CURB AP­PEAL

NOW Magazine - Toronto Living - - Front Page - By Ge­orge Bo­brovskis

From the de­tached, sin­gle-fam­ily home to vari­a­tions like the semi-de­tached house (twin), row house and townhouse (mul­ti­ple broth­ers and sis­ters), to the quadru­plex, du­plex, triplex, con­do­minium and loft (a real ex­tended fam­ily of char­ac­ters), we live in dwellings of all shapes, sizes and lo­ca­tions.

My fam­ily and I live in a semide­tached house, so we’re in­ex­tri­ca­bly linked to our other half. Be­ing joined to­gether has its chal­lenges, es­pe­cially if you want to ren­o­vate, add on or change the house’s fa­cade. The in­evitable ques­tion is how you can keep in har­mony with your com­mu­nity of sib­lings and still make a per­sonal state­ment ex­press­ing your in­di­vid­u­al­ity? “Twins” need self-ex­pres­sion even if they have iden­ti­cal faces and eyes.

To an­swer this ques­tion, I started to look care­fully at what oth­ers in our sit­u­a­tion have done. Driv­ing around the Beaches, I no­ticed many in­ter­est­ing so­lu­tions forged by twins. One ex­am­ple is a home on a lovely stretch at the east end of the Beaches on a street ap­pro­pri­ately named Wil­low Av­enue. Here, the houses rest com­fort­ably be­neath large canopies of trees, where home­own­ers have care­fully de­fined their char­ac­ter through de­tails like painted trim, en­try doors, land­scap­ing and sculp­tural state­ments.

Seem­ingly mis­placed at the foot of Wil­low, among sim­ple and more elab­o­rate de­tached homes, the semide­tached in ques­tion was in need of some ren­o­va­tion when Deb­o­rah Barnes, Terry Stec and fam­ily moved in in 1996. When I spoke with Barnes re­cently, I learned they now live in an­other beach area – in Lake Sim­coe – named Roches Point. I also learned the ra­tio­nale be­hind the changes they made to their Wil­low Av­enue semi: “We wanted our house to feel more like the beach,” Barnes says. “I love ar­chi­tec­ture and de­sign, and we wanted to do some­thing sim­ple yet bal­anced and ap­pro­pri­ate. With the help of a de­sign-build land­scape com­pany and our own ex­pe­ri­ence, we were able to see good de­sign be in­ter­preted nat­u­rally.”

The house had a faded ap­pear­ance when the fam­ily moved in. They chose a de­sign-build land­scaper to help them rein­vent their home and give it a spe­cial look. Also, they’d learned a lot from their ex­pe­ri­ence do­ing photo shoots of other great homes for Canadian House & Home. To­gether, Barnes, Stec and their designer chose the ma­te­ri­als and colours and agreed on the de­tails of the trel­lis and wood fence.

In the photo, you’ll no­tice the trel­lis read­ily es­tab­lishes the hi­er­ar­chy of en­try from the street to the more semipub­lic front porch and main door­way. Land­scap­ing near the street, a col­lage of stone and steps with spe­cific, sim­ple land­scape treat­ments, and a large, com­fort­able porch of­fer an invit­ing se­ries of plateaus, wel­com­ing the vis­i­tor to ex­pe­ri­ence the house and fam­ily at a more per­sonal level. The use of cedar fur­ther wel­comes the vis­i­tor, dec­o­rat­ing the house with a se­ries of wooden in­ter­ven­tions that are both public and pri­vate. The new up­per deck fur­ther changes the ap­pear­ance of the fa­cade, sug­gest­ing leisurely sips of cof­fee in the morn­ing and evening and en­cour­ag­ing neigh­bourly con­nec­tions.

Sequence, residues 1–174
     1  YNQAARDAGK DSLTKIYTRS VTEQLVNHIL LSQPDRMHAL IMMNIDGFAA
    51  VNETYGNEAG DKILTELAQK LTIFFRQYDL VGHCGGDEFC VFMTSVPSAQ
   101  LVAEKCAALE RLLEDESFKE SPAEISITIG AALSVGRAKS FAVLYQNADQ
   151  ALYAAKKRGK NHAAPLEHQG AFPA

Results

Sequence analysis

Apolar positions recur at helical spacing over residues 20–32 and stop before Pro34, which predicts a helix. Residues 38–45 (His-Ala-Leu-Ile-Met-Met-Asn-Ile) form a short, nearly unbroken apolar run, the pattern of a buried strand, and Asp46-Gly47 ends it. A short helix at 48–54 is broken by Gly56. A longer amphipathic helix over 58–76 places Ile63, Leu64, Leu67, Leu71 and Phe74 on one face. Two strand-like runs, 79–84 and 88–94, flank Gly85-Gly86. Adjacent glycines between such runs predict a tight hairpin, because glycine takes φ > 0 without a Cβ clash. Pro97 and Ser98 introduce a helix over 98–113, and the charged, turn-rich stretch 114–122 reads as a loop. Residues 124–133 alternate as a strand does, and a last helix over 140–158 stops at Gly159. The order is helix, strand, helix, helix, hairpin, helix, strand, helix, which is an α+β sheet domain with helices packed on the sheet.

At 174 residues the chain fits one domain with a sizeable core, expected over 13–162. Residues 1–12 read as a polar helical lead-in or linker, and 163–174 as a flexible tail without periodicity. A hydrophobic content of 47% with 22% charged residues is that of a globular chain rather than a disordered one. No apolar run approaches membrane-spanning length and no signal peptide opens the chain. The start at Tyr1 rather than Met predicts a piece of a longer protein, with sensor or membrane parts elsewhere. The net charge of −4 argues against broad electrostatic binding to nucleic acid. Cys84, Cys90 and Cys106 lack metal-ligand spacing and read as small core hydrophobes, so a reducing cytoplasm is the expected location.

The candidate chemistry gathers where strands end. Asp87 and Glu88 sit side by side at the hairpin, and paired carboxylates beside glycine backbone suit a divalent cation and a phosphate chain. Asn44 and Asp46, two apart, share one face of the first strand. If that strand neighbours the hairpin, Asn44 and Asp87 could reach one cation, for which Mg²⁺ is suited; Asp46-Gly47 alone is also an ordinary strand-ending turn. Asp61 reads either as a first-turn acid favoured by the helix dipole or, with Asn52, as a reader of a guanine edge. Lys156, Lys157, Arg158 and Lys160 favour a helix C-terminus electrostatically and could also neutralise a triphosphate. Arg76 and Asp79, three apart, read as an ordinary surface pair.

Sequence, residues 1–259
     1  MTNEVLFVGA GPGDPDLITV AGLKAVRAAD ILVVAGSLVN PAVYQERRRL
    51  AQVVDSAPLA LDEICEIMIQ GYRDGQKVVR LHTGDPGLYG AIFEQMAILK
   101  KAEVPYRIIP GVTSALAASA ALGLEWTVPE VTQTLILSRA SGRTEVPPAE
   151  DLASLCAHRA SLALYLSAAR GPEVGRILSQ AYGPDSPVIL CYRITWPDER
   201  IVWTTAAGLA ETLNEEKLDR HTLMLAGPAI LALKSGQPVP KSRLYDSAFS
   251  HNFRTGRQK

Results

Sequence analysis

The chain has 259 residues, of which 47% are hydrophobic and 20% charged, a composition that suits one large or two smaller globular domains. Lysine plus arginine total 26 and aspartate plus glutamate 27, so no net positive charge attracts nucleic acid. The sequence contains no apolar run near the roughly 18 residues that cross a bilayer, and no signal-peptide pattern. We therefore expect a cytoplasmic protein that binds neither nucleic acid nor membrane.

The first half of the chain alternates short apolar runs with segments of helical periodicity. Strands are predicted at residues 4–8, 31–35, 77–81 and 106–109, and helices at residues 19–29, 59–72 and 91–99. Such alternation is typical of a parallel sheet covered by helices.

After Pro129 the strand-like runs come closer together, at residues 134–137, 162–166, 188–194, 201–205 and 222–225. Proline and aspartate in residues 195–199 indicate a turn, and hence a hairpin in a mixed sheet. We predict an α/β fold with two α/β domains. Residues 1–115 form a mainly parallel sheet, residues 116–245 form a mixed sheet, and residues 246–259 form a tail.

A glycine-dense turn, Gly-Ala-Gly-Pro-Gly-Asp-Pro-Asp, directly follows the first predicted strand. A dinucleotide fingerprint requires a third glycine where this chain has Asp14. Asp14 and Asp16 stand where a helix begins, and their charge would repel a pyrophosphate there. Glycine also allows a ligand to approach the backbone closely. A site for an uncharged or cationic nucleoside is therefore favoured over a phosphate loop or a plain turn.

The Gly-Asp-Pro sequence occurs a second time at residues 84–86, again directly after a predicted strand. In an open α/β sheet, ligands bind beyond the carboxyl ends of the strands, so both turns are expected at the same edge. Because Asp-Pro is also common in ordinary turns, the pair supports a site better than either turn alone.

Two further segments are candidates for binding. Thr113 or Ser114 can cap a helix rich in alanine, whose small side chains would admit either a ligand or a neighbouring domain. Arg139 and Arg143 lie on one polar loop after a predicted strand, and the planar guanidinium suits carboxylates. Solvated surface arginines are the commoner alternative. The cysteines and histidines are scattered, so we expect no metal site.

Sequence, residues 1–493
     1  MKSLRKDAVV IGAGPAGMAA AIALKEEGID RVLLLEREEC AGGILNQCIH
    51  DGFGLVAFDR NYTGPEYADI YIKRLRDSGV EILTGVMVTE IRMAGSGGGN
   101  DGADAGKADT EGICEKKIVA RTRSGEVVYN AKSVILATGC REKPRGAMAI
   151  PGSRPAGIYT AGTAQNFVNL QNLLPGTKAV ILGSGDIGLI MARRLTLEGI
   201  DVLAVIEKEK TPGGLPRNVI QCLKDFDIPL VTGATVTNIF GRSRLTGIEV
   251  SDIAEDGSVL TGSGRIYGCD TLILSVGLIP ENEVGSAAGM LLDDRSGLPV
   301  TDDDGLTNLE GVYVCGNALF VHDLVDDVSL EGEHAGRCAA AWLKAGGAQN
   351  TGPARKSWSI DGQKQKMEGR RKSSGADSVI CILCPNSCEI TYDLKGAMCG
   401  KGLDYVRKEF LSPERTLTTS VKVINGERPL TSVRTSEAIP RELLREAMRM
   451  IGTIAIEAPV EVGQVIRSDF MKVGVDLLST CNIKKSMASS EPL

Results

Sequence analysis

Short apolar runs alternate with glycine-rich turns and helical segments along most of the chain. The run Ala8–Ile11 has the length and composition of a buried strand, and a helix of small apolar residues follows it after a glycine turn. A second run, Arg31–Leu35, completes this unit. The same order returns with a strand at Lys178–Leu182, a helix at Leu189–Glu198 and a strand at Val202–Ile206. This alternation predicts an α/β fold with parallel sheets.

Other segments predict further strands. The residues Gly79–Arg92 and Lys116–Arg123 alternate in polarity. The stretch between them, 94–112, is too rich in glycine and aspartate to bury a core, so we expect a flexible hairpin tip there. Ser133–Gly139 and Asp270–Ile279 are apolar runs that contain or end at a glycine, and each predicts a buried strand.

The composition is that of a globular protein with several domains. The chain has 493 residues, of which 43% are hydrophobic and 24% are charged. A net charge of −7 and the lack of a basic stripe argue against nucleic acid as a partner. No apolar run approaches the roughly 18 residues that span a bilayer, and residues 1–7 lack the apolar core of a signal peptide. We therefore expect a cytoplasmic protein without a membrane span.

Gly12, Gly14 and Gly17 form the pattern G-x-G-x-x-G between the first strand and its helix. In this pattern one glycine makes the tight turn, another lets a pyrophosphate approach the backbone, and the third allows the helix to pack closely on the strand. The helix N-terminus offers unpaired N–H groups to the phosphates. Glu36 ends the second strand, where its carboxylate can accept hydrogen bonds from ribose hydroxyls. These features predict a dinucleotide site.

When a new neigh­bour moved into the at­tached house, he de­cided to ren­o­vate in ac­cor­dance with some of the ideas that Barnes, Stec and their designer had come up with for their side of the house. The “twin” to the north un­der­went sub­tler changes, keep­ing the cedar rail­ings and adding cedar to the

In­di­vid­u­al­ity and har­mony are the goal when designing and ren­o­vat­ing the fa­cade of two semi-de­tached homes.

beams with solid, sim­ple posts and tongue-and-groove sof­fits. Both own­ers chose stucco in­stead of sid­ing, to give the ex­te­ri­ors a sense of re­lief ( just like be­ing in the Mediter­ranean). Trim and de­tails around the win­dows were also added. On the ground floor, Barnes and Stec ex­tended the stucco over the ex­ist­ing brick, while their neigh­bour chose to leave the brick. Both twins se­lected dif­fer­ent win­dow ma­te­ri­als: one chose to con­trast the stucco with wooden win­dows and doors, while the other opted to keep the con­ven­tional white win­dow and door frames. The neigh­bour to the north se­lected a match­ing door in wood, but with a dif­fer­ing stain.

The pal­ette cho­sen by th­ese twins, in di­verse yet com­ple­men­tary tones, flows com­fort­ably all the way from the fa­cade to the porch (with rail­ing and post-top de­tails down each stair) and along the dis­tinc­tively dif­fer­ent land­scaped pathways, out to the side­walk and the street.

Although each com­po­si­tion is dif­fer­ent, their re­la­tion­ship is har­mo­nious: a re­spect­ful, si­lent code of con­duct and un­der­stand­ing that says it’s OK to be dif­fer­ent. The other houses on the street speak to that code as well. On Wil­low Av­enue, peo­ple take their time, mak­ing sure that changes add to the at­trac­tive­ness of the street they call home in our beloved Beaches.

Ge­orge Bo­brovskis is an in­tern ar­chi­tect with the On­tario Ar­chi­tects As­so­ci­a­tion. He’s also a founder of the YMCA’s Break­fast Of Cham­pi­ons, an an­nual fundraiser to help those in need.

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